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Seven high points of Windows 7

Seven high points of Windows 7

What a long ride it's been for Microsoft's popular OS. Support for Windows 7 has ended, making this a good time to look at some of its highs and lows over the years

Credit: Dreamstime

Microsoft has issued its final free security update for Windows 7, putting an end to that operating system's decade.

To remember that service - a retirement party but without the cloyingly-sweet cake and cheap gold watch - Computerworld selected seven highlights of Windows 7. While the seven do not pretend to trace Windows 7's history, they illustrate the influence and impact of the OS.

Here's to Windows 7. Raise a glass, for cryin' out loud.

It salvaged Microsoft's reputation after the Vista debacle

The numbers say it all.

Windows Vista, the 2006 replacement for Windows XP, topped out at 20 per cent of all Windows versions in October 2009. Even though the OS it followed was long in the tooth – XP was nearly twice the age of a typical version when it was supplanted - Vista struggled to put a dent in its forerunner's share.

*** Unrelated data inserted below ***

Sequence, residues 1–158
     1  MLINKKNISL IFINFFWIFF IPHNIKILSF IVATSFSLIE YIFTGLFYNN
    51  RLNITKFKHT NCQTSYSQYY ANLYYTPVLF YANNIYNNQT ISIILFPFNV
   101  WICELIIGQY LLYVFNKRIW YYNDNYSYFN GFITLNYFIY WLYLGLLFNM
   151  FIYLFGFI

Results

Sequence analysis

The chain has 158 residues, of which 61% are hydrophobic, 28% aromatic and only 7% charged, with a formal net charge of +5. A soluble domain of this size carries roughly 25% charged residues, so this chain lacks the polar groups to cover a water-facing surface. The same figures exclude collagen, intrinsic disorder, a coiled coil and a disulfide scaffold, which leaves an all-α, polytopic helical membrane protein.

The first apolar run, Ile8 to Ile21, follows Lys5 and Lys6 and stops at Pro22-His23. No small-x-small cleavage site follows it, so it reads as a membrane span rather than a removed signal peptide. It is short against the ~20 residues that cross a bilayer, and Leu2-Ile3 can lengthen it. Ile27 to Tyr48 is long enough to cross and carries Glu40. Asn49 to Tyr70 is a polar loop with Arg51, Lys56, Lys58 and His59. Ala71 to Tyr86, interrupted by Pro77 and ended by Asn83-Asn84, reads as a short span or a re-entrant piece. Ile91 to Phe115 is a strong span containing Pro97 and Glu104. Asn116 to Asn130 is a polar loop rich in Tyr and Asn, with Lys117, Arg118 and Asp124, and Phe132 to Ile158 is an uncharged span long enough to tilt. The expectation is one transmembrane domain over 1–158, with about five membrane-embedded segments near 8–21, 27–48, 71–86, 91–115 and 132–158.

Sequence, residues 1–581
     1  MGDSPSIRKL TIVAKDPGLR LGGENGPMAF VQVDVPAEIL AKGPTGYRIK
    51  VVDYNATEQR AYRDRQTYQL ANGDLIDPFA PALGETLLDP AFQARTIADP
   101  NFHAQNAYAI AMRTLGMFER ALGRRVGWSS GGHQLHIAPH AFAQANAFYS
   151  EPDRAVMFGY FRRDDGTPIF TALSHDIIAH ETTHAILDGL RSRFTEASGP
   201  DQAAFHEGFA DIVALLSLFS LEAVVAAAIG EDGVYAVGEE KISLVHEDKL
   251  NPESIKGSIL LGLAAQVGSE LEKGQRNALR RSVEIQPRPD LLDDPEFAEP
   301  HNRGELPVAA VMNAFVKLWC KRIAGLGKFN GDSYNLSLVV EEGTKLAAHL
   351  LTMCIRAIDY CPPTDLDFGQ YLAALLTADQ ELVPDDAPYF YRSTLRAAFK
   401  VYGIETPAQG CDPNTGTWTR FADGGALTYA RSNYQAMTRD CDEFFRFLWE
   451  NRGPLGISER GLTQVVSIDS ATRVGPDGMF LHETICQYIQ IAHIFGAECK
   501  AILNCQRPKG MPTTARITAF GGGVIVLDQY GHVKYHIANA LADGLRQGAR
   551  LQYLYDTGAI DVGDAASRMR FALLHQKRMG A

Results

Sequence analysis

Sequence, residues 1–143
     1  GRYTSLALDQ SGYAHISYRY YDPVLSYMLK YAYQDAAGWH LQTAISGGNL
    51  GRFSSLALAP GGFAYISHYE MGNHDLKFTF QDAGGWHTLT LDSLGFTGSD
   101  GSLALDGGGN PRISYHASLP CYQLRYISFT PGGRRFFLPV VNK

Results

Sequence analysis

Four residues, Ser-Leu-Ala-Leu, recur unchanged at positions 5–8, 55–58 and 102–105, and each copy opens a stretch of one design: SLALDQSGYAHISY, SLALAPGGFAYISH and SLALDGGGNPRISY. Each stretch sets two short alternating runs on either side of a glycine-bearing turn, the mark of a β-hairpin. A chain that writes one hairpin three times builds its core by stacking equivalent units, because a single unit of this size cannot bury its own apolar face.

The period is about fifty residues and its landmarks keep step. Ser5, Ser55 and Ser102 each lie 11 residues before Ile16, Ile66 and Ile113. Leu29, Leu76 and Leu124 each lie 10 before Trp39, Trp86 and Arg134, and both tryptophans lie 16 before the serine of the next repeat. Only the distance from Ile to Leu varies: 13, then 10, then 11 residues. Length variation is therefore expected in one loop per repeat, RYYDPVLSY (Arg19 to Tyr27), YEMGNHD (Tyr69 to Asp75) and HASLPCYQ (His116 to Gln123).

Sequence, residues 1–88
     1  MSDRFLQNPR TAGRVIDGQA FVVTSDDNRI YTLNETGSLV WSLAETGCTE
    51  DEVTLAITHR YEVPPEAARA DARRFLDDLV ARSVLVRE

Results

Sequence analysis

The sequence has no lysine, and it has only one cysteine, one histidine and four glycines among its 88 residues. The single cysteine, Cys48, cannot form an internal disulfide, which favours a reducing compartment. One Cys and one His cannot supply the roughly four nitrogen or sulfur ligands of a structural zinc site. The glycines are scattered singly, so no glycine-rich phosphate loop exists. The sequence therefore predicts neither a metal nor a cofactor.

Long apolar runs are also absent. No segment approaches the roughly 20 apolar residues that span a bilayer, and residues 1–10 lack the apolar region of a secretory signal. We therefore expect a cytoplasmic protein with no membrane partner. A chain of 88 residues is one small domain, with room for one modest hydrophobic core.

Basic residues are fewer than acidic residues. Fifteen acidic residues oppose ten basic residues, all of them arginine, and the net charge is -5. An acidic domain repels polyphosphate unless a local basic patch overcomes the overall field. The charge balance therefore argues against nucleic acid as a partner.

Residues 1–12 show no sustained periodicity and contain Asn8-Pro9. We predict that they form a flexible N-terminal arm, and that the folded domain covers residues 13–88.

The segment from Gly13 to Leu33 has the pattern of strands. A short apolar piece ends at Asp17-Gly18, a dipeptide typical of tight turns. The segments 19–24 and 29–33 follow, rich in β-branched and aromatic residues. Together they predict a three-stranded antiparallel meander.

Windows XP still accounted for 75 per cent of all Windows activity when Vista peaked.

Windows 7 drove down Vista's share toot sweet: In 18 months, Vista's share of all Windows had fallen to 11.5 per cent. Users couldn't wait to rid themselves of Vista.

But then, what would you expect of an OS that fostered a class-action lawsuit?

The three-quarters-of-a-billion-dollar snafu

An oversight - so said Microsoft - with Windows 7 Service Pack 1 (SP1) cost the company €561 million ($732 million at the time) when the European Union's anti-trust regulators fined the firm for omitting a browser choice feature.

The March 2013 decision by EU officials - the first time regulators there punished a company for shirking an antitrust agreement - ultimately stemmed from a 2007 complaint by rival Opera Software, which alleged that Microsoft manipulated the battle for browser share by tying Internet Explorer (IE) to Windows.

Two years later, Microsoft agreed to show European users of Windows a "browser ballot," a screen that displayed download links to other browsers, including Google's Chrome, Mozilla's Firefox and Opera's namesake.

But Microsoft failed to show that ballot to users of Windows 7 SP1 for some 14 months, from May 2011 until July 2012. More than 15 million users did not see the ballot as they should have, the EU charged.

In mid-2012, Microsoft admitted the goof and apologised, even as it downplayed the problem, saying it had been purely a "technical error" and blaming an engineering team.

Microsoft failed to disclose the snafu in the self-certified compliance reports it was required to submit to EU authorities.

In fact, Microsoft had ignored a user who reported the omission of the browser ballot in Windows 7 SP1. That user had queried support representatives in March 2011, a month after the launch of SP1 and two months before the start of the span during which regulators claimed Microsoft had scratched the ballot, saying, " I do not see the options for the browser choice."